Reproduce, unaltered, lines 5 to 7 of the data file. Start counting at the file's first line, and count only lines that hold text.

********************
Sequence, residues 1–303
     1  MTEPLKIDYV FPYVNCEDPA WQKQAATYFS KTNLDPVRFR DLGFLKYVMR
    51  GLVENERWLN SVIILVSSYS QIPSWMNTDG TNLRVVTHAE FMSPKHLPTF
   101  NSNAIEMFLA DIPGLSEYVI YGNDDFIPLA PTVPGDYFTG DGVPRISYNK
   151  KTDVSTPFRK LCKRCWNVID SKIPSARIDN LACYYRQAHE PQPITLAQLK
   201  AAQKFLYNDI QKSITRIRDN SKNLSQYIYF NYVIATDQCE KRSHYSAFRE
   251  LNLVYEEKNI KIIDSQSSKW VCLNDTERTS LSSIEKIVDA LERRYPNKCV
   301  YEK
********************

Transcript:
   151  KTDVSTPFRK LCKRCWNVID SKIPSARIDN LACYYRQAHE PQPITLAQLK
   201  AAQKFLYNDI QKSITRIRDN SKNLSQYIYF NYVIATDQCE KRSHYSAFRE
   251  LNLVYEEKNI KIIDSQSSKW VCLNDTERTS LSSIEKIVDA LERRYPNKCV